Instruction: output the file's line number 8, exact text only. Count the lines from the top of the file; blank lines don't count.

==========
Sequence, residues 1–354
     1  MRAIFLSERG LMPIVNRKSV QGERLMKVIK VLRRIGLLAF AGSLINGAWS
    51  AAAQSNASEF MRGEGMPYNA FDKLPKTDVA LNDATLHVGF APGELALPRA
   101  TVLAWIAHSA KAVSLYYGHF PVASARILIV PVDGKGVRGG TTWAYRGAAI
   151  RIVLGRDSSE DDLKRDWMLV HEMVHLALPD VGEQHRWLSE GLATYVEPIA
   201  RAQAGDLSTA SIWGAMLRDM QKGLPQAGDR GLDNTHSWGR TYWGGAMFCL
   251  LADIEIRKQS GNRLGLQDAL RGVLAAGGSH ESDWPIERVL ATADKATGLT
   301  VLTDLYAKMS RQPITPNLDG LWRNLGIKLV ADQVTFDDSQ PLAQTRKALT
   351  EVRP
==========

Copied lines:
   301  VLTDLYAKMS RQPITPNLDG LWRNLGIKLV ADQVTFDDSQ PLAQTRKALT